One of the great challenges for any historic site or historian is "how do we make this relevant?" In my previous career as a high school history teacher, my students used to ask, "Why do I need to know this?" The cliché answers about learning from the past never seemed to cut it. How is history relevant?
A week ago, as you've no doubt heard, Dylann Roof, a twenty one year old self-avowed white supremacist walked into a historic African American church in Charleston and murdered nine people. At first, the national conversation was about guns. President Obama's initial statement on the attack emphasized how easy it is for people to get guns and the frequency of mass violence in this nation. Then the conversation shifted to Roof's motive. Was this an incident of mental health? Typically with these mass shootings people make the case that the real issue isn't guns, but mental health. But in this case, evidence began to emerge that this was a well planned out attack motivated by race and intended to instill terror in the black community. From there the topic shifted to race - why is it that when people of color go on politically motivated rampages it's thuggery or terrorism, but when a white kid does it it's a mental health issue?
|The Confederate flag flies at full staff (Wall St. Journal photo)|
As the city of Charleston began to mourn, Governor Nikki Haley ordered state and national flags in South Carolina lowered to half staff - all except one. By state law, the Confederate flag that flies on the state house grounds cannot be raised or lowered without the approval of 2/3 of the legislature. So we have a situation where flags are symbolically at half staff in mourning for the victims of racial violence, but the most racially charged symbol in the city remained proudly waving at full staff. From there, the internet exploded and calls to take down Confederate flags and symbols reached a fever pitch. In less than a week the national debate shifted from gun control to mental health to race to the Confederate flag. Politicians started coming out in support of taking down the Confederate flag - even Strom Thurmond's son spoke out. Major retailers announced that they'd no longer carry Confederate flags for sale. The governor of Alabama even ordered the flags removed from the state house there. They've come a long way since George Wallace.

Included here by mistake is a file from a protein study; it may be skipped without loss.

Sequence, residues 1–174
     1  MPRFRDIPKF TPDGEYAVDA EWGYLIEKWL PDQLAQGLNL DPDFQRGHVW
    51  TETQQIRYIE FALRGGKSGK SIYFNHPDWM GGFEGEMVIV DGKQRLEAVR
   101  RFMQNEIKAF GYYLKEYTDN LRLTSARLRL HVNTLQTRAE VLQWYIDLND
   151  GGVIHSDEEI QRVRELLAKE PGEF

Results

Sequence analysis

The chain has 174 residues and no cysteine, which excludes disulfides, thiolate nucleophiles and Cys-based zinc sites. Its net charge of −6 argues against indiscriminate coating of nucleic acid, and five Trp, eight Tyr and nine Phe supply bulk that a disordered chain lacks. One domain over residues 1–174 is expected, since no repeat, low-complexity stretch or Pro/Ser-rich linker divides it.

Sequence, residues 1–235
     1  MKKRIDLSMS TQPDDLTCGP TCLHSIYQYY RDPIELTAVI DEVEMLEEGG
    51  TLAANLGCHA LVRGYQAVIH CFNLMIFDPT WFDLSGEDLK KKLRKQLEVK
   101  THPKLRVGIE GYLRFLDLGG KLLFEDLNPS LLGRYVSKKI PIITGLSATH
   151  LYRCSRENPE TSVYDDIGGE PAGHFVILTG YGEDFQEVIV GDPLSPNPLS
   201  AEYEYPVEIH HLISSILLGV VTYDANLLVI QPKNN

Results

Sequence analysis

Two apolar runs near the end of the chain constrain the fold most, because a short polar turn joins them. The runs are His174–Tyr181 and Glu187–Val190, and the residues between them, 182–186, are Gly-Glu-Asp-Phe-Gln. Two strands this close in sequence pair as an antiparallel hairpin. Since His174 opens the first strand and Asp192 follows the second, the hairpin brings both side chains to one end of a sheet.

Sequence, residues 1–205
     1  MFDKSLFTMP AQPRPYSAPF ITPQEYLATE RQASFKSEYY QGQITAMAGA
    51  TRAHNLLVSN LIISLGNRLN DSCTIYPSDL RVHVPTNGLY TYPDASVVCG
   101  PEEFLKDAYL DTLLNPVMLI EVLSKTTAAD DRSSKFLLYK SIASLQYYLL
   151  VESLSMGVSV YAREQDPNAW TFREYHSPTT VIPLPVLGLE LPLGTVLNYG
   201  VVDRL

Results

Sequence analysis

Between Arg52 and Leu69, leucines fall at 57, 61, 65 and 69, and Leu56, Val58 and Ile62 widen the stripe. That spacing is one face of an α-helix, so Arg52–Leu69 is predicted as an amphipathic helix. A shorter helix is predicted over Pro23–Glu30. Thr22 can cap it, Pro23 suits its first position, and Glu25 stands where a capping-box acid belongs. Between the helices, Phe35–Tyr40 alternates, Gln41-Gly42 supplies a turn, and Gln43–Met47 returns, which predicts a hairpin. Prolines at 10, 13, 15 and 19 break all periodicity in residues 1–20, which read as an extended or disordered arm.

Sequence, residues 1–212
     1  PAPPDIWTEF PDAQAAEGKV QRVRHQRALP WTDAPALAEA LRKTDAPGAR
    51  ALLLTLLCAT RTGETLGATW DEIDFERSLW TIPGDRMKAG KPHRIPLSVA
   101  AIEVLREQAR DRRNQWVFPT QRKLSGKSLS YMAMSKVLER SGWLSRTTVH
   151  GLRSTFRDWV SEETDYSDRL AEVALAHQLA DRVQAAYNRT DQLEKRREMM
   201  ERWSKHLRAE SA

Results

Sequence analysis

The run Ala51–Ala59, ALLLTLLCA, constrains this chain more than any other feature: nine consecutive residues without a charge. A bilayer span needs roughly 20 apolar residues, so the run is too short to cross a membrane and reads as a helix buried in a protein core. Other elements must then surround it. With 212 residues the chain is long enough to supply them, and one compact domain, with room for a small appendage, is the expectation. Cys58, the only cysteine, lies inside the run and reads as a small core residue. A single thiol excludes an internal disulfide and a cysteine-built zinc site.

Seemingly everybody has an opinion on what's going on. Many see this as an assault on their southern heritage or the relentless assault of the PC police. Still others view this as a long awaited victory and a small time towards racial justice and equality. People debate, with varying degrees of understanding, the role of race and slavery in the Civil War and Reconstruction. The things we talk about everyday in our sites - slavery, states rights, motives of Union and Confederate soldiers - are suddenly all over Facebook, Twitter, social media, dinner table conversations. You could say that the Civil War has gone "viral." One of my Facebook friends, irritated with the fevered debates posted, "I didn't realize so many of my facebook friends had attended college and studied History, specializing in Nineteenth Century American History and Reconstruction in the post-war south... So for those of you who have, speak on, for the rest of you, isn't Maury on?" I jokingly chimed in on his post, "Hey, I did!"
And that brings me back to where I started - relevancy. (Relevancy; noun: relevant